Restrained, awake mice received 5 μg of pDNA encoding A/PR/8/34 NP (VR4700), hen egg lysozyme (HEL, VR5900), E.coli Lac Z (β-gal, VR1412), mouse Id/human Fc (immunoglobulin variable regions from 38C13, a murine lymphoma cell line fused to a human IgG1 constant region, VR1623), or human factor IX (VR1904) prepared in PBS with and without Vaxfectin (50 μl) and injected into the rectus femoris of 8-10 week old female mice. Mice were boosted at 3 weeks with the same dose and formulation. Mice were bled from the ophthalmic venous plexus prior to the first injection, 1 day prior to the boost, and at 6 weeks following the first injection.
IgG Antibody ELISAs
Antibody titers were determined by coating 96 well, ˝ area flat well microtiter plates (Corning/Costar, Inc., Corning, N.Y.) with 0.035 μg influenza nucleoprotein (purified from recombinant baculoviral extracts), 0.25 μg hen egg lysozyme (HEL, Sigma, St. Louis, Mo.), 0.25 μg E.Coli β-galactosidase (β-gal, Sigma, St.Louis, Mo.), 2.2 μg mouse Id (Southern Biotech, Birmingham, Ala.), or 0.3 μg human Factor IX (Calbiochem, La Jolla, Calif.) in 50 μl BBS (89 mM Boric Acid, 90 mM NaCl pH 8.3) per well. Plates were incubated overnight at 4° C. then washed 4 times with BBST (BBS with 0.1% Tween 20). NP coated wells were blocked with 100 μl of NP assay buffer (5% nonfat milk in BBS) and wells of all other plates were blocked with 100 μl of BSA assay buffer (1% bovine serum albumin in BBS) for 1 hour at room temperature. Two-fold serial dilutions of sera in assay buffers, starting at 1:25, were prepared and 50 μl aliquots added to each well. Following a 2-hour incubation at room temperature and 4 washes, alkaline phosphatase conjugated goat anti-mouse IgG-Fc (Jackson Immunoresearch, West Grove, Pa.) diluted 1:5000 in assay buffer was added at 50 μl/well. The plates were incubated for 2 hours at room temperature, washed 4 times and 50 μl of p-NPP substrate (1 mg/ml para-nitrophenyl phosphate, Calbiochem, La Jolla, Calif., in 50 mM sodium bicarbonate buffer, pH 9.8 and 1 mM MgCl2) was added per well. The absorbance at 405 nm was read after 1.5 hours at room temperature. The titer is the reciprocal of the last dilution with a signal 2 times that of pre-bleed samples.
Antigen Specific IgG1 and IgG2a ELISAs
Alkaline phosphatase conjugated, mouse sub-isotype specific monoclonal antibodies were pre-titrated with standards to determine the dilution at which equal absorbance values were obtained for equal amounts of standard. For the titrations, plates were coated overnight at 4° C. with 0.1 μg/50 μl/well of affinity purified goat anti-mouse kappa antisera in BBS. Plates were washed and blocked as for the NP ELISA described above. Purified mouse IgG1, κ or IgG2a, κ were serially diluted and added to the plates at 50 μl/well. After incubating for 2 hours at room temperature, alkaline phophatase conjugated rat anti-mouse IgG1 and IgG2a (Pharmingen, La Jolla, Calif.) were serially diluted and added to washed plates. The assay was completed as for the NP antibody ELISA. The assay for measurement of antigen specific sub-isotype serum titers was as described for total IgG levels with the following modifications: the alkaline phosphatase conjugated anti-mouse IgG1 and anti-mouse IgG2a were diluted 1:1500 and 1:200 respectively.
Stimulation of CTL
Spleens were removed from euthanized mice at 11-12 weeks after the first injection, and 2.5×107 splenocytes were cultured for 5 days in 6 well plates in a total of 5 ml of RPMI 1640 medium (unless otherwise noted, all tissue culture reagents were obtained from Gibco BRL Life Technologies, Rockville, Md.) containing L-glutamine and 25 mM HEPES and supplemented with penicillin (100 U/ml), streptomycin (100 μg/ml), 5.5×10−5 M β-mercaptoethanol and 10% FBS (10% media) with either NP147-155 peptide (H-2Kd TYQRTRALV) (SEQ ID NO: 1) or β-gal876-884 peptide (H-2Ld TPHPARIGL) (SEQ ID NO: 2) at 1 μg/ml and recombinant murine IL-2 (Roche Molecular Biochemicals, Indianapolis, Ind) at 0.5 U/ml.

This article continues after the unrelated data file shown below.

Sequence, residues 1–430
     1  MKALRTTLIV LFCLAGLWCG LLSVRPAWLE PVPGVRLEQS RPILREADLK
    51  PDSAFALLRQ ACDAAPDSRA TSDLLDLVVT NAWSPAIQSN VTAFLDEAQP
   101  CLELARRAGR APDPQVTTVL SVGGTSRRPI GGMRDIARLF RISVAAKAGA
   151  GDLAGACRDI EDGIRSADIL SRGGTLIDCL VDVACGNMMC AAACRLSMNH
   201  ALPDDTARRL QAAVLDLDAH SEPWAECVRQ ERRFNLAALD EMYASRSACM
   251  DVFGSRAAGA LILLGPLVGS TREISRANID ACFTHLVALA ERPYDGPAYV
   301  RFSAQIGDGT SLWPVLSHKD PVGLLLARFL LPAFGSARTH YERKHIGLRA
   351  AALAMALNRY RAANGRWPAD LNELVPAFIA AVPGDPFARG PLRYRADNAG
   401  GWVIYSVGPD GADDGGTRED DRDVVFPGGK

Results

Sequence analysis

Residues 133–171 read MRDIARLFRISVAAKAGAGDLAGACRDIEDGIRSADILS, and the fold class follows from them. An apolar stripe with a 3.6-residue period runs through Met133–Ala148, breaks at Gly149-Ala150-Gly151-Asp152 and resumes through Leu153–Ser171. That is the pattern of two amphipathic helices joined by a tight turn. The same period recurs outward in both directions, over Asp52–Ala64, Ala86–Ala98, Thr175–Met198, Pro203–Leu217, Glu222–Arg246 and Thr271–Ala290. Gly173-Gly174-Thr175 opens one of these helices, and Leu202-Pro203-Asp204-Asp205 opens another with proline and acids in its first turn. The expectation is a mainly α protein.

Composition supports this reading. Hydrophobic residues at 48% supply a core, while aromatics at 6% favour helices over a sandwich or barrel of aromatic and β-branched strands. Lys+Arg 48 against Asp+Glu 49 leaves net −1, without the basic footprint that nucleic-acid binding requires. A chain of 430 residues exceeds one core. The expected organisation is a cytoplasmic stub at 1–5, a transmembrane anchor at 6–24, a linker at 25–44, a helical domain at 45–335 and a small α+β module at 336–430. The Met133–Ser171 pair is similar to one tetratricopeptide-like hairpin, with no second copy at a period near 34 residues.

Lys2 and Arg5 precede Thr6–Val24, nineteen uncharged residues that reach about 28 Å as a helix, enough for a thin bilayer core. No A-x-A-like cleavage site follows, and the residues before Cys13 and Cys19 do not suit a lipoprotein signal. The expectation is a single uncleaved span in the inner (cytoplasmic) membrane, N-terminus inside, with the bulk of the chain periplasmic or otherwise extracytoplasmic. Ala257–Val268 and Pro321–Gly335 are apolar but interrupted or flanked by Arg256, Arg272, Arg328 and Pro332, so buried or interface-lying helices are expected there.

51Cr Relsease Assay
To detect antigen specific lysis, P815 cells were labeled with 0.15 mCi Na2 51CrO4 (NEN Life Science Products, Boston, Mass.) and either pulsed with 20 μg NP147-155 peptide or 50 μg β-gal876-884 peptide in 1 ml RPMI 1640 media or were used unpulsed. Duplicate aliquots of stimulated splenocytes were serially diluted in 96 well round bottom plates (ICN Biomedicals, Aurora, Ohio.) and target cells were added at the designated effector:target ratios in a final volume of 200 μl/well. The plates were centrifuged and incubated for 4 hours at 37° C. with 5% CO2. After incubation, 100 μl of supernatant from each well was analyzed. Specific lysis was calculated as % specific lysis=[(a−b)/(c−b)]100 where a is the average cpm released in the presence of effectors, b is the average cpm released from target cells incubated in media only and c is the cpm released from target cells in the presence of 1% Triton-X 100.
To determine cytokine secretion profiles of spleen cells re-stimulated in vitro with antigen, splenocytes were plated in duplicate at 4×105 cells/100 μl/well in 96 well flat bottom culture plates with purified NP (purified from recombinant baculoviral extracts) or β-gal protein (Sigma, St.Louis, Mo.) at 5 μg/ml. Culture supernatants were harvested after 72 hours at 37° C. with 5% CO2. Cytokines in culture supernatants were quantified with a mouse IFN-γ ELISA kit (Pharmingen, La Jolla, Calif.) and mouse IL-4 ELISA mini-kit (Endogen, Woburn, Mass.) according to the manufacturers' instructions.
Statistical analyses were performed with the 2-tailed student t-test.
Effect of Vaxfectin on Antigen Specific IgG Titers
Antigen specific antibody titers for sera collected 1 day prior to the boost at 3 weeks, and for sera collected at 6 weeks following the first injection are shown in